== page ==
Difficulty: 2 – Moderate

 

  1. Which of the following examples illustrates the principle of third-generation interest?
  2. Marge, the CEO of a newly established company, enforces equal-opportunity practices for employment in her company and does not discriminate based on age, gender, race, or nationality.
  3. Vincent, a French national, studies in England and celebrates the festivals of both France and England.
  4. Tim, while giving a speech in his school, quotes some text from the Bible.
  5. Jenny, an American citizen with Polish grandparents, feels at home with the American culture, but insists on staying in touch with her ethnicity by learning Polish.

 

Answer: d

 

Question Title: TB_05_14_Rediscovering Ethnicity_Apply_LO 5.2

Learning Objective: 5.2: Describe how people rediscover ethnicity.

Topic: Rediscovering Ethnicity

Skill Level: Apply What You Know

Difficulty: 2 – Moderate

 

  1. The cultural influence of the ________ immigrants was so apparent in the history of America that publications of the proceedings of the Continental Congress were published in their native language in addition to being published in English.
  2. German
  3. Italian
  4. Polish
  5. Irish

 

Answer: a

 

Question Title: TB_05_15_The German Americans_Remember_LO 5.3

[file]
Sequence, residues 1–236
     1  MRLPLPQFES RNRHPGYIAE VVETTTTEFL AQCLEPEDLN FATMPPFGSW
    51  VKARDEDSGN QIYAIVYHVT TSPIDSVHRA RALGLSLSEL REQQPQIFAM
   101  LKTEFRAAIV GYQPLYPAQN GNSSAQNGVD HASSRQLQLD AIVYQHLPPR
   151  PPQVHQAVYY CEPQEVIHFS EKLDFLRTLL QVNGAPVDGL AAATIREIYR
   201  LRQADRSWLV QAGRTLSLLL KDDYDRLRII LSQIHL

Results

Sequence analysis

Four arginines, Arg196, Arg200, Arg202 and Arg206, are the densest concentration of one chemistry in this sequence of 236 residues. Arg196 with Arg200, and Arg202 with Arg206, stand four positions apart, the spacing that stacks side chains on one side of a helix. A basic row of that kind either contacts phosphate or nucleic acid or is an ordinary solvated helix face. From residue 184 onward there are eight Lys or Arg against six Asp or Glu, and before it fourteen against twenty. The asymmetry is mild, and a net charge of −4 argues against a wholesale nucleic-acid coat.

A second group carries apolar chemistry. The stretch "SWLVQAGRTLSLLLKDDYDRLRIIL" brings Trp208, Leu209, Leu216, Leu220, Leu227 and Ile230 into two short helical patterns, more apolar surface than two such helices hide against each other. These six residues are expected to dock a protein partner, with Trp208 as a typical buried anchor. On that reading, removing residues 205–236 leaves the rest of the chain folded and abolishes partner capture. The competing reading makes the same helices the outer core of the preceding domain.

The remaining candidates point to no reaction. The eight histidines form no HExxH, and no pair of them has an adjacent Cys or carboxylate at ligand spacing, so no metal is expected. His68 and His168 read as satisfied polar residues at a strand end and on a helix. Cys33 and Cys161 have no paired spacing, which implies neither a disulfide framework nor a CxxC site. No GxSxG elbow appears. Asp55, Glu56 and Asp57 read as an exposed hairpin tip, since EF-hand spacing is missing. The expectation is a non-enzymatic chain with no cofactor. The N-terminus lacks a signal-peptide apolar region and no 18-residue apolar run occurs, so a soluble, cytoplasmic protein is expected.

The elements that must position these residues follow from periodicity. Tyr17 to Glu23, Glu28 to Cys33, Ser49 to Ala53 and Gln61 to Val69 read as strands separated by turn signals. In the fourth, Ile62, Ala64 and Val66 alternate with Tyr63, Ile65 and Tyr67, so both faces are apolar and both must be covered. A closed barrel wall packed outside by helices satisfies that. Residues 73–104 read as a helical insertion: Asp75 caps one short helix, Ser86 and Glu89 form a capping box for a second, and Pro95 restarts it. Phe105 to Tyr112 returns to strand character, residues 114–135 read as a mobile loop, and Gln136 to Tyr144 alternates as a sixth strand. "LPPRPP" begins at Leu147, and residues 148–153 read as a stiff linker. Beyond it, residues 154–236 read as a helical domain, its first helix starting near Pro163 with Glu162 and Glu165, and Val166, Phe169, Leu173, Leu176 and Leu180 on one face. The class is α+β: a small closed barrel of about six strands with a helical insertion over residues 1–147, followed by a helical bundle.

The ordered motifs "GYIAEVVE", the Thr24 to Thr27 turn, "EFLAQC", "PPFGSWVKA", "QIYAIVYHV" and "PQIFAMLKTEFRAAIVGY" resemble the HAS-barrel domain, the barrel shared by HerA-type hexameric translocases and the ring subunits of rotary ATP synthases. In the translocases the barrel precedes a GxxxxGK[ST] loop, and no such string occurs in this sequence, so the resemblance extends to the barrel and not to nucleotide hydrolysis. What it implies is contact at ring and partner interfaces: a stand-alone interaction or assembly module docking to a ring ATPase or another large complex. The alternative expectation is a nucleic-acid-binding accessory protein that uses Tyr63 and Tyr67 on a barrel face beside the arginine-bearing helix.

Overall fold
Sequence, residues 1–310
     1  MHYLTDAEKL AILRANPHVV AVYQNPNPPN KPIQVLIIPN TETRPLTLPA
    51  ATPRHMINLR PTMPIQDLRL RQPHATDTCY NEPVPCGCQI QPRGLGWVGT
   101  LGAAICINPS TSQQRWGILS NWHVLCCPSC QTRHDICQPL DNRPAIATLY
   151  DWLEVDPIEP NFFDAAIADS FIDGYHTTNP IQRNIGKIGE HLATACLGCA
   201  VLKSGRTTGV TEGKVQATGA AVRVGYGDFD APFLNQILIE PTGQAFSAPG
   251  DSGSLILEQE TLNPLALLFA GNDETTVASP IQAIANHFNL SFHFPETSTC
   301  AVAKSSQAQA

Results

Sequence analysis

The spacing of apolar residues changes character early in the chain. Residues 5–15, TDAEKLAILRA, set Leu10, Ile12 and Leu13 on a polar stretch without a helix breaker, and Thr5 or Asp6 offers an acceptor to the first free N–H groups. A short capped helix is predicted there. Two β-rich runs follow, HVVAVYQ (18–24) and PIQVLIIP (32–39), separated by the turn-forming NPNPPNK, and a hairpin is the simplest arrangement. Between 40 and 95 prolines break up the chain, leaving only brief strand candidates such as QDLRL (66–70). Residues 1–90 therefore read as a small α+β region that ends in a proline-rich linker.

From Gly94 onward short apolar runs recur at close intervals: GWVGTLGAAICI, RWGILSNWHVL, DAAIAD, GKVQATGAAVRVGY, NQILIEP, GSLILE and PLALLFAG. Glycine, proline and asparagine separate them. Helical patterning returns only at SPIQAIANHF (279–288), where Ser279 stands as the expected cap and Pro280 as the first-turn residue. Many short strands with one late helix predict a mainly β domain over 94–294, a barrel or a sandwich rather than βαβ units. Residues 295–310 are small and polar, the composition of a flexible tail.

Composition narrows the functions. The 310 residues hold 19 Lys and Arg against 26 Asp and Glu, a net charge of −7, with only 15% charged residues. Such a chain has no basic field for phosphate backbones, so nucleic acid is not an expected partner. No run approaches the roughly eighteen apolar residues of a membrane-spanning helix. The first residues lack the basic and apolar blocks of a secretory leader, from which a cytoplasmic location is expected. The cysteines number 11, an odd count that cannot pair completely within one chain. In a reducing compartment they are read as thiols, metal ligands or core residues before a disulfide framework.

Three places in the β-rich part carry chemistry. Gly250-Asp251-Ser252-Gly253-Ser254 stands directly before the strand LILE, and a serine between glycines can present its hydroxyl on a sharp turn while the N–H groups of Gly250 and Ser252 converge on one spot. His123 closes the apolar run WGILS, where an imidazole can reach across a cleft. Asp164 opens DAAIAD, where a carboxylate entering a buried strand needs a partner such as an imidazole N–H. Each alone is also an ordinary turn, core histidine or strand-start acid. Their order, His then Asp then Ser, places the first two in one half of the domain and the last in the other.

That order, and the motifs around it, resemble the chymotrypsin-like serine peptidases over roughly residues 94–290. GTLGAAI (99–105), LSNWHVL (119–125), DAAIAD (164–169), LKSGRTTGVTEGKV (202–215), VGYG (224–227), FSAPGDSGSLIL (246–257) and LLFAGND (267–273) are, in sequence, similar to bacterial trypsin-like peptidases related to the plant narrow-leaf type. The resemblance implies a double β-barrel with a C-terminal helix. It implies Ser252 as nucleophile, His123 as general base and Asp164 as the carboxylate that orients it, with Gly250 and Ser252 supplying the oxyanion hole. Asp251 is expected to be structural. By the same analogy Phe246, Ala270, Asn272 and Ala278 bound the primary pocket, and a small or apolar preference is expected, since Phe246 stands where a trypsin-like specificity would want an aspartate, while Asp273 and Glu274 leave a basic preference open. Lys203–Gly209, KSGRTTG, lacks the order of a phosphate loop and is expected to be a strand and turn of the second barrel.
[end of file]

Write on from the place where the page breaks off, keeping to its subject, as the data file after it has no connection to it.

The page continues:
Learning Objective: 5.3: Recall the German American experience.

Topic: The German Americans

Skill Level: Remember the Facts

Difficulty: 1 – Easy

 

  1. ________ is the largest single source of ancestry of people in the United States today.
  2. Ireland
  3. Africa
  4. Germany
  5. Austria

 

Answer: c

 

Question Title: TB_05_16_The German Americans_Remember_LO 5.3

Learning Objective: 5.3: Recall the German American experience.

Topic: The German Americans

Skill Level: Remember the Facts

Difficulty: 1 – Easy

 

  1. Which of the following events was a major factor that resulted in an increase in the number of Irish immigrants to the United States?
  2. the potato famine
  3. the yellow peril
  4. World War I
  5. political unrest

 

Answer: a

 

Question Title: TB_05_17_The Irish Americans_Remember_LO 5.4

Learning Objective: 5.4: Identify the major periods of the Irish American immigration.

Topic: The Irish Americans

Skill Level: Remember the Facts

Difficulty: 1 – Easy